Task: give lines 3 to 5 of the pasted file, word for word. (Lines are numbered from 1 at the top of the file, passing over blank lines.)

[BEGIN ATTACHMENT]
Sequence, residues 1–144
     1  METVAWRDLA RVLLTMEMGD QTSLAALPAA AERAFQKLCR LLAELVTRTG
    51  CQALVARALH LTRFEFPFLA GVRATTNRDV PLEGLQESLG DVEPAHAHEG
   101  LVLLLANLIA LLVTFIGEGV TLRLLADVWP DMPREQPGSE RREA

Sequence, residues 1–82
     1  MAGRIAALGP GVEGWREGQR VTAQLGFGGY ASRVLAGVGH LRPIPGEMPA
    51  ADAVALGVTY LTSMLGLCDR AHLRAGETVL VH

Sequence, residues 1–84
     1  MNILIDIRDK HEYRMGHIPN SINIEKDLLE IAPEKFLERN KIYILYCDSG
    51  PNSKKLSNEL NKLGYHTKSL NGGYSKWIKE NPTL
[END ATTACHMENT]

    51  CQALVARALH LTRFEFPFLA GVRATTNRDV PLEGLQESLG DVEPAHAHEG
   101  LVLLLANLIA LLVTFIGEGV TLRLLADVWP DMPREQPGSE RREA

Sequence, residues 1–82